cover image The Hardest Job in the World: The American Presidency

The Hardest Job in the World: The American Presidency

John Dickerson. Random House, $30 (656p) ISBN 978-1-984854-51-3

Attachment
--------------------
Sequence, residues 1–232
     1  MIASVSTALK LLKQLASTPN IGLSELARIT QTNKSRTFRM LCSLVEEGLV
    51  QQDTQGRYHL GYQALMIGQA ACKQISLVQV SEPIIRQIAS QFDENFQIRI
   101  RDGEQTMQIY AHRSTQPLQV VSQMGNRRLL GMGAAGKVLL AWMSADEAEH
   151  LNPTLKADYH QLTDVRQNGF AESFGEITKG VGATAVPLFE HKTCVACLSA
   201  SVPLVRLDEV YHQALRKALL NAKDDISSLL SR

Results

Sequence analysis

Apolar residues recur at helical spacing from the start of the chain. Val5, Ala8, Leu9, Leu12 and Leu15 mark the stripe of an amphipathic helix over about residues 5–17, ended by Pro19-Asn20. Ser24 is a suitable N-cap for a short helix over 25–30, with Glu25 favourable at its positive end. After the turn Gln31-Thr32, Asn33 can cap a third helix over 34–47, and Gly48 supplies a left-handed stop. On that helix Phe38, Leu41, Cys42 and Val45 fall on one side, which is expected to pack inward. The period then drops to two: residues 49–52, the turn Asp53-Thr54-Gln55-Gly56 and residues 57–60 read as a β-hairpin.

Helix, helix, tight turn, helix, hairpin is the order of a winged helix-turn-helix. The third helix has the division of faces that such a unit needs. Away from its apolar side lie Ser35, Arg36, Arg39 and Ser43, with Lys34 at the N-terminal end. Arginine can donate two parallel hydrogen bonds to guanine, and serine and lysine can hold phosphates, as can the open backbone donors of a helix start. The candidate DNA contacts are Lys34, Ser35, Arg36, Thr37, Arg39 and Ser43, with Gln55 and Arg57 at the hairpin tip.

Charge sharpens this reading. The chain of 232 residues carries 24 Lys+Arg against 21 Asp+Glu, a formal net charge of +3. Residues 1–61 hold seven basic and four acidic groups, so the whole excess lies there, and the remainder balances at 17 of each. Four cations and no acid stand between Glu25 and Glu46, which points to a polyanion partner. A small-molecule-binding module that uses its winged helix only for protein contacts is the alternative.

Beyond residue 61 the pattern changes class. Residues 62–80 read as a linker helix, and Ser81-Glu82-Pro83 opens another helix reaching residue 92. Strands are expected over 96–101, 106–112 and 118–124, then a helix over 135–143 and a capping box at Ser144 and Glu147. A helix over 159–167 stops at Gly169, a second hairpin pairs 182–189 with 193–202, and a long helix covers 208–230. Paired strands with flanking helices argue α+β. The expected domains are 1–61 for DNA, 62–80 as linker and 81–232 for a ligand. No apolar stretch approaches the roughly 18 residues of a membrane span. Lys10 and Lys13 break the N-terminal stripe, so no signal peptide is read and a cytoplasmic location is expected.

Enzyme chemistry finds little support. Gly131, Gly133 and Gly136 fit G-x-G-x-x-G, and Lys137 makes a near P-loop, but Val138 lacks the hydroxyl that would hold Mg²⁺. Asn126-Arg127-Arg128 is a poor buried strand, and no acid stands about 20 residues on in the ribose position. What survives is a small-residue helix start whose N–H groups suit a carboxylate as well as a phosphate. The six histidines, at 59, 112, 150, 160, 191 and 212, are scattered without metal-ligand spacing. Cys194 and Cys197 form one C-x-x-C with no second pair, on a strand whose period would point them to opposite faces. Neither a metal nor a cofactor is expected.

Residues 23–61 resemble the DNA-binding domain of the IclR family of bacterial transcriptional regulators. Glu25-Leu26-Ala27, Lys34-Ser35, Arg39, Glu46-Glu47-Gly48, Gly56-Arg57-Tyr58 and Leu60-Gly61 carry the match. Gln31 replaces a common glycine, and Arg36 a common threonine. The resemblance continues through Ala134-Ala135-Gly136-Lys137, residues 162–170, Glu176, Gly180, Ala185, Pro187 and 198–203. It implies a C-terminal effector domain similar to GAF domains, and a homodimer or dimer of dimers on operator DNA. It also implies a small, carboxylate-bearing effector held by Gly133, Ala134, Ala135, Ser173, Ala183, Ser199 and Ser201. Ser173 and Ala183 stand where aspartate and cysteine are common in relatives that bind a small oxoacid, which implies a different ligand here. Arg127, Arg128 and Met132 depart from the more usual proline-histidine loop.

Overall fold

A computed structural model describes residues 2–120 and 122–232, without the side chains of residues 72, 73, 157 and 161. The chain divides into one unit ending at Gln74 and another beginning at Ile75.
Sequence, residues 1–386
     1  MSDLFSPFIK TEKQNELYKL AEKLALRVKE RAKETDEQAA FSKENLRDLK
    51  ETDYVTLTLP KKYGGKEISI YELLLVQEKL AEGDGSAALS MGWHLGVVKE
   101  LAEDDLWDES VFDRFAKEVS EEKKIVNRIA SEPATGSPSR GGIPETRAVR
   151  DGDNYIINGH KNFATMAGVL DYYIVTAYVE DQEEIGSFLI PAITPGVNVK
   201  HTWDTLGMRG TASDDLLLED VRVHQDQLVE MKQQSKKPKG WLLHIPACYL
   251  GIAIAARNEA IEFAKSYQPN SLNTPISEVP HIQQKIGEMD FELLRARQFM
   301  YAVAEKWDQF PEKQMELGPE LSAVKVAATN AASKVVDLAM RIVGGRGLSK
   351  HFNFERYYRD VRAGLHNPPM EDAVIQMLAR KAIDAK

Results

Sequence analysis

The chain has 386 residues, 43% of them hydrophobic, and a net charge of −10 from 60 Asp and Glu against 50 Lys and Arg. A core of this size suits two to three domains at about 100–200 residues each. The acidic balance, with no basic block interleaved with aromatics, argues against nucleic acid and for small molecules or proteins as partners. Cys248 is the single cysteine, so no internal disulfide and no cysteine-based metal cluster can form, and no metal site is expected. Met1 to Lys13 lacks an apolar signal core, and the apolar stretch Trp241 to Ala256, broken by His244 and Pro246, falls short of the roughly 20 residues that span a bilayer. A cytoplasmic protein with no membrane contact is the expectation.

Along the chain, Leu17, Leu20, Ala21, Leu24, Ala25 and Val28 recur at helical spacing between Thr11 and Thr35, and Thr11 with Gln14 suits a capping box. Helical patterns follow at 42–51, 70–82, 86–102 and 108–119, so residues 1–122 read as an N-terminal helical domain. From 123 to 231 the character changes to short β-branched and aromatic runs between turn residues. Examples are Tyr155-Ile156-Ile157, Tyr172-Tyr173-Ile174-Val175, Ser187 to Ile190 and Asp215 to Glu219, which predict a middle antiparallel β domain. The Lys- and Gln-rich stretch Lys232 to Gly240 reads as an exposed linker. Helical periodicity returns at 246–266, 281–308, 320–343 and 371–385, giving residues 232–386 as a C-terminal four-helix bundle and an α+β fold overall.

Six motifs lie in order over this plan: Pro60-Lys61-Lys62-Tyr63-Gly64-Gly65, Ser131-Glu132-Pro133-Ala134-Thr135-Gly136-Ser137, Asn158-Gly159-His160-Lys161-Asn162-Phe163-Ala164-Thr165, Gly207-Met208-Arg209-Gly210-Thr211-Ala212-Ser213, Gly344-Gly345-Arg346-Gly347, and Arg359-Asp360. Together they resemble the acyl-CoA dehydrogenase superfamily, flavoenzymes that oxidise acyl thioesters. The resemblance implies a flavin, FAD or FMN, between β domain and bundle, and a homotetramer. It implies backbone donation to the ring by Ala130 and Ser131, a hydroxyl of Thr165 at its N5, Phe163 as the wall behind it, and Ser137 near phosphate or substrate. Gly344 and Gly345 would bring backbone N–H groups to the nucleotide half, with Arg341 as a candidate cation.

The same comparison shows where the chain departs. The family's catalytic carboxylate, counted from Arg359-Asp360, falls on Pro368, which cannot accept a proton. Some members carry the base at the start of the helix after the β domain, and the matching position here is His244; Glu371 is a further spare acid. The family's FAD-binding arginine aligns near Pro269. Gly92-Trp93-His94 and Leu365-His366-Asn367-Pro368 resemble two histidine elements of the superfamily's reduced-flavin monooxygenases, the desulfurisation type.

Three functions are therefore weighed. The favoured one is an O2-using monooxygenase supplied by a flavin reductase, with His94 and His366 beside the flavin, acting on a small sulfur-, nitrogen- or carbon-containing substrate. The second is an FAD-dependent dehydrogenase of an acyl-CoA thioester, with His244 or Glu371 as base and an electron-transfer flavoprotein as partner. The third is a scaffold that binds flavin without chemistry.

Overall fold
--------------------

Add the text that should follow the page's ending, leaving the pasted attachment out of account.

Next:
60 Minutes correspondent Dickerson (Whistlestop: My Favorite Stories from Presidential Campaign History) takes an evenhanded and insightful look at the evolution of the American presidency. He lists the myriad, and often contradictory, roles played by modern-day presidents and argues that the demands of the office have evolved far beyond what the founding fathers intended. The problem is compounded, Dickerson writes, by the disconnect between what the public and the media expect of presidential candidates (“impulsive, winner-take-all displays of momentary ash”) and the qualities actually needed to do the job well (“restraint, deliberation, and cooperation”). He explains that presidents weren’t expected to immediately travel to scenes of natural disasters until 1965, when LBJ visited tornado victims in Indiana and hurricane victims in Louisiana, and provides perspective on Trump’s norm-shattering by contending that the job became “almost impossible” long before he took office. Dickerson’s proposed fixes include assigning most ceremonial duties to the vice president and choosing candidates based on their ability manage “black swan” events. Drawing on illuminating interviews with former White House officials and presidential historians, Dickerson packs the book with intriguing arcana and colorful quotes, including LBJ’s comparison of the presidency to a “hootchie-kootchie show.” This entertaining history rises above the political fray to cast even the most maligned chief executives in a new light. Agent: Tina Bennett. (June)